Posted 15 April 2008. PMN Crop News.
'Bt' Spells Bad News for Caterpillars
Oklahoma State University. www2.dasnr.okstate.edu
Stillwater, Oklahoma-(April 4, 2008)-Caterpillars will start to negatively affect various crops, shrubs, trees and other green plant material as the weather warms up, leading many homeowners and agricultural producers to use "Bt" to control the pests.
“There has been tremendous renewed interest in Bacillus thuringiensis, or ‘Bt’ as it is often called, an insecticide that is created from bacterium that occur naturally in soils; several strains can infect and kill insects,” said Phil Mulder, interim head of Oklahoma State University’s department of entomology and plant pathology.
Mulder said “Bt” formulations typically represent an excellent choice of a biological control. Affected insects stop feeding within hours of exposure, eventually dying of starvation because the “Bt” essentially paralyzes their digestive system.
The most commonly used strain – kurstaki – will kill only leaf- and needle-feeding caterpillars. Other strains have been developed that control certain types of fly larvae. These are widely used against larvae of mosquitoes, black flies and fungus gnats. More recently, strains have been developed with activity against some leaf beetles.
“It’s important to remember that insecticidal activity is specific,” Mulder said. “Strains developed for mosquito larvae don’t affect caterpillars, for example.”
But that is a good thing. A person needs only to choose the correct formulation for the job at hand.
“Since ‘Bt’ formulations don’t have a broad spectrum of activity, they don’t kill beneficial insects,” Mulder said. “This includes the natural enemies of insects as well as beneficial pollinators such as honeybees. This means ‘Bt’ works well with other natural controls.”
Perhaps the major advantage is that “Bt” formulations are essentially nontoxic to people, pets and wildlife.
“This is a key safety benefit for food crops and other sensitive sites where pesticide use can cause adverse effects,” Mulder said.
Unfortunately, ‘Bt’ formulations do not have a tremendous residual capacity because they break down in ultraviolet light and, like many insecticides, are susceptible to wash off in the rain.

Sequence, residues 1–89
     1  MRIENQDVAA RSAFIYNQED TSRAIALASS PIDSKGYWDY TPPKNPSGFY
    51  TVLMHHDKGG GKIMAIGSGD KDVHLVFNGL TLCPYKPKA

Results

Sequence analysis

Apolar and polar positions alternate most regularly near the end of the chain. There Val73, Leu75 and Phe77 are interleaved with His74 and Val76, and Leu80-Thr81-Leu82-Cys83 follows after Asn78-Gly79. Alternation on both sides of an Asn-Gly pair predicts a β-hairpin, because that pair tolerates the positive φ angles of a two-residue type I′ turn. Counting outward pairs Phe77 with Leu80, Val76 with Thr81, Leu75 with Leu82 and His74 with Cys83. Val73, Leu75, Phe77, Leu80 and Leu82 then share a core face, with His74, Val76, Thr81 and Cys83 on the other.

In addition, “Bt” formulations must be eaten to be effective, and application coverage must be thorough. This can limit effectiveness against pests that are susceptible to “Bt” formulations but rarely have the opportunity to eat them in the field, such as the codling moth or corn earworm that tunnel into plants.
“Since ‘Bt’ doesn’t kill rapidly, a person might incorrectly assume it is ineffective a day or two after treatment,” Mulder said. “However, this often is just a perceptual problem because affected insects eat little or nothing before they die.”
Many but not all formulations are exempt from pesticide tolerance restrictions and may be used right up to harvest time on a wide variety of crops.
“This makes ‘Bt’ formulations useful in applications where pesticide drift into gardens is likely to occur, such as when a homeowner treats trees and shrubs,” Mulder said. “The exceptional safety of ‘Bt’ products also makes them useful where exposure to pesticides is likely during the mixing and application phases.”
The most widespread use of “Bt” involves the kurstaki strain used as a spray to control caterpillars on vegetable crops. Such formulations also are used widely in agriculture as a liquid that is applied through overhead irrigation systems or in a granular form.
Additional information on “Bt” formulations and their recommended uses is available through the OSU department of entomology and plant pathology’s Plant Disease and Insect Advisory at entoplp.okstate.edu on the Internet.